Tender Plays Tubby

                A chance sequence of events lead to Tenderlonious, getting his hands on Tubby Hayes' Piccolo, resulting in this outstanding re-interpretation of four classic Tubby Hayes tracks. Featuring some of London's finest jazz musicians, with the hope to introduce a whole new generation of jazz fans to a true great of British jazz.

                Personnel: Ed 'Tenderlonious' Cawthorne (piccolo, flute, soprano saxophone), Nick Walters (trumpet), Hamish Balfour (piano, vibes, Fender Rhodes), Pete Martin (bass guitar), Aidan Shepherd (accordion), Tim Carnegie (drums)

                TRACK LISTING

                1. Down In The Village
                2. Trenton Place
                3. Raga
                4. In The Night

                Michael Price

                Tender Symmetry

                  Emmy award-winning composer Michael Price releases Tender Symmetry, his second album with Erased Tapes. The ambitious musical project takes in a series of iconic National Trust locations across England as its inspiration, turning them into unlikely recording spaces. Michael and a host of musicians and collaborators — including soprano Grace Davidson (featured on Max Richter’s Sleep) and Shards (the choir on Nils Frahm’s All Melody) — travelled across the country in pursuit of places far removed from the traditional recording studio to create seven unique and moving pieces, straddling the past and the future.

                  The diversity of Michael Price’s choices ranges from the ruins of Fountains Abbey in Yorkshire to the Fan Bay WWII shelter, cut deep into the chalk cliffs of Dover. All owned by the National Trust save one, each venue became both the inspiration and the recording studio for Michael Price and his accompaniment of renowned musical ensembles, choirs and soloists.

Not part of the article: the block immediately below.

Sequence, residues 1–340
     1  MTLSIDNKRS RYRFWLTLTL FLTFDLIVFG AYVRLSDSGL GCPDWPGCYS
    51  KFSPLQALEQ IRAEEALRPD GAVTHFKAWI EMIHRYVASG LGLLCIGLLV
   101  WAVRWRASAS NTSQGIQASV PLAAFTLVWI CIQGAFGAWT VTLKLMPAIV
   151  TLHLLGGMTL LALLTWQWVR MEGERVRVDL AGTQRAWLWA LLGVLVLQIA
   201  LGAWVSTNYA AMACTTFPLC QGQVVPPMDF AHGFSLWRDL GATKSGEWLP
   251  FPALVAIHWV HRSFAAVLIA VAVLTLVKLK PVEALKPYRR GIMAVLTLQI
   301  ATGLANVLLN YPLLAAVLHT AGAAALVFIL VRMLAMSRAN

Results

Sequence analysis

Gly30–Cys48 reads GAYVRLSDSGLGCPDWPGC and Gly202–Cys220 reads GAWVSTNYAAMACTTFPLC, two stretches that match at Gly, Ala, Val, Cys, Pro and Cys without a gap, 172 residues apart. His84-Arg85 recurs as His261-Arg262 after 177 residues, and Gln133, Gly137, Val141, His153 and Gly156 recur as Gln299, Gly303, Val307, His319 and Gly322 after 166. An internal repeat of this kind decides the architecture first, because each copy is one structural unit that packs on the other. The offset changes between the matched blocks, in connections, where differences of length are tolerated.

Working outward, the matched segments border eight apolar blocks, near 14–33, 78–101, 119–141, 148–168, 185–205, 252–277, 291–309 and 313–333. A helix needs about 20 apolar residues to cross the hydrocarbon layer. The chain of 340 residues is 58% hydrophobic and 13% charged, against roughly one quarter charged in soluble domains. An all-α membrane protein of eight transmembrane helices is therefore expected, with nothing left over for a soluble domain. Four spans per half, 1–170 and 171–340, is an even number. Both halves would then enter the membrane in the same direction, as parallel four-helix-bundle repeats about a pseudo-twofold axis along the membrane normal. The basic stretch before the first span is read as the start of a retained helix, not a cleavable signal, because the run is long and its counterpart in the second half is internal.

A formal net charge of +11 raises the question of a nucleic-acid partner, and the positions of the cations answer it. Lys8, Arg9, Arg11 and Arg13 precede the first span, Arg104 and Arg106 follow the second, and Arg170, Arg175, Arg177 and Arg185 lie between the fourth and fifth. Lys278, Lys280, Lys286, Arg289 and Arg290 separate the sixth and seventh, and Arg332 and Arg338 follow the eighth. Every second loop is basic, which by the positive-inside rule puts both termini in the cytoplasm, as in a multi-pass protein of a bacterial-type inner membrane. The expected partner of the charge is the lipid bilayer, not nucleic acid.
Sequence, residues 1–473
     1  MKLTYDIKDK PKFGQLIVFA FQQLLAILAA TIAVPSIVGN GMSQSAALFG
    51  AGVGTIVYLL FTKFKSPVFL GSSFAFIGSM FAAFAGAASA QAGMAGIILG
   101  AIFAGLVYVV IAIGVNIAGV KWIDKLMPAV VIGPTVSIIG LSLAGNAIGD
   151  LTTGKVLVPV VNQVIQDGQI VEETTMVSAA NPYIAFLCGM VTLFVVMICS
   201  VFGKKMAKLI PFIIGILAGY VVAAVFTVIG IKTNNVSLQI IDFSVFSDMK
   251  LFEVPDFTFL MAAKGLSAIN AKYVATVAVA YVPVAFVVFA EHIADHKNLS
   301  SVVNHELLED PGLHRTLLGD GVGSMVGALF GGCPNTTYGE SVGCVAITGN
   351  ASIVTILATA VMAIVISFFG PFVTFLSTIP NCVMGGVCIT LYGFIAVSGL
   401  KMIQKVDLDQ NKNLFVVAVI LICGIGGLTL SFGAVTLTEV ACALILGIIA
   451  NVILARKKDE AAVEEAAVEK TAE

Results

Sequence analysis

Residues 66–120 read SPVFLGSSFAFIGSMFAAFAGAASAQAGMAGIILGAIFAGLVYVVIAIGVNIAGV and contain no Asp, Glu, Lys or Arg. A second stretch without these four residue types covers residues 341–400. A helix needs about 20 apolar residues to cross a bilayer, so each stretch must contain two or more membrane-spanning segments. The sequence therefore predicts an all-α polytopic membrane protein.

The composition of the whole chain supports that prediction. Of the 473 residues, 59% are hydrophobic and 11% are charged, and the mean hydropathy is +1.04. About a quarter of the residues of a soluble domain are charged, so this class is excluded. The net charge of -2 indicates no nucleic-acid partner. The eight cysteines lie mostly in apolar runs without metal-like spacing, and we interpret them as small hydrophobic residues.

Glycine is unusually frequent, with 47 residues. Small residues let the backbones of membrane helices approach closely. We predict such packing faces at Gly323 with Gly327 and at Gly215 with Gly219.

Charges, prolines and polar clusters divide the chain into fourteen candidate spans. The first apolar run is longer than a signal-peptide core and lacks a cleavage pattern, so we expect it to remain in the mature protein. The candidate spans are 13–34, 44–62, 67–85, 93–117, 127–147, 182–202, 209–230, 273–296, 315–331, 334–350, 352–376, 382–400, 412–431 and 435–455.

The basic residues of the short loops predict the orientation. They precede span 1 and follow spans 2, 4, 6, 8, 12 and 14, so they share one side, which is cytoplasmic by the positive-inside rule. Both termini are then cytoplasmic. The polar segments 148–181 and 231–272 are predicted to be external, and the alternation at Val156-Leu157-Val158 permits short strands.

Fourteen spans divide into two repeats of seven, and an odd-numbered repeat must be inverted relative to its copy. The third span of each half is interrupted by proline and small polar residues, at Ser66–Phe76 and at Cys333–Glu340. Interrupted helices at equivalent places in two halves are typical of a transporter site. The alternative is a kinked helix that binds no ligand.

"For Tender Symmetry, I stopped admiring and started participating in these buildings. This began as an exploration of writing and recording out in the world beyond the studio. I am interested in where we build our homes in an increasingly virtual world and the spirit of place we feel as we walk our local streets, our schools, temples and public spaces. Taking inspiration from a place, and the stories it told, then going back to that place to record, sometimes in less than ideal conditions, made the two-year adventure much more like shooting a film than making a record.” — Michael Price

                  Acoustics varied wildly as the artists moved from places designed with sound in mind to locations which demanded the use of miners’ helmets for light and battery-powered sound gear. The final recordings carry the genuinely unique sonic blueprints and spirit of each place – from the birdsong in the courtyard at Speke Hall to the steam-driven cotton mill accompaniment at Quarry Bank. “When we recorded the piece at Fan Bay in the World War II shelter deep inside the chalk cliffs of Dover, Peter Gregson’s cello wasn’t at all happy with the clammy, dank conditions; but to be in the tunnels where young soldiers spent months on end, constantly on alert for incoming bombers, gave the recording an extraordinarily intimate, moving quality. At each site, the human mixed with the historical, and the natural environment of each space comes through with each piece. I tried to leave an imprint of each location on the record.”

                  While each piece of music is named after the location in which it was created, William Blake’s Songs of Innocence and Experience courses through them as well. Soprano Grace Davidson sings Blake’s poignant words about nature, religion and the industrial revolution on several of the pieces including the astoundingly beautiful album closer Shade Of Dreams, written after the birth of Michael’s daughter. “The final piece, Shade of Dreams, is part of a group of pieces I wrote for the birth of our daughter, Emilie. It, like all the works on the album, takes its text from William Blake’s Songs of Innocence and Experience, in this case, A Cradle Song. As much as Tender Symmetry is about the past, it is firmly about the future, and all our of shared futures.”

                  Grace Davies, National Trust contemporary arts programme manager said: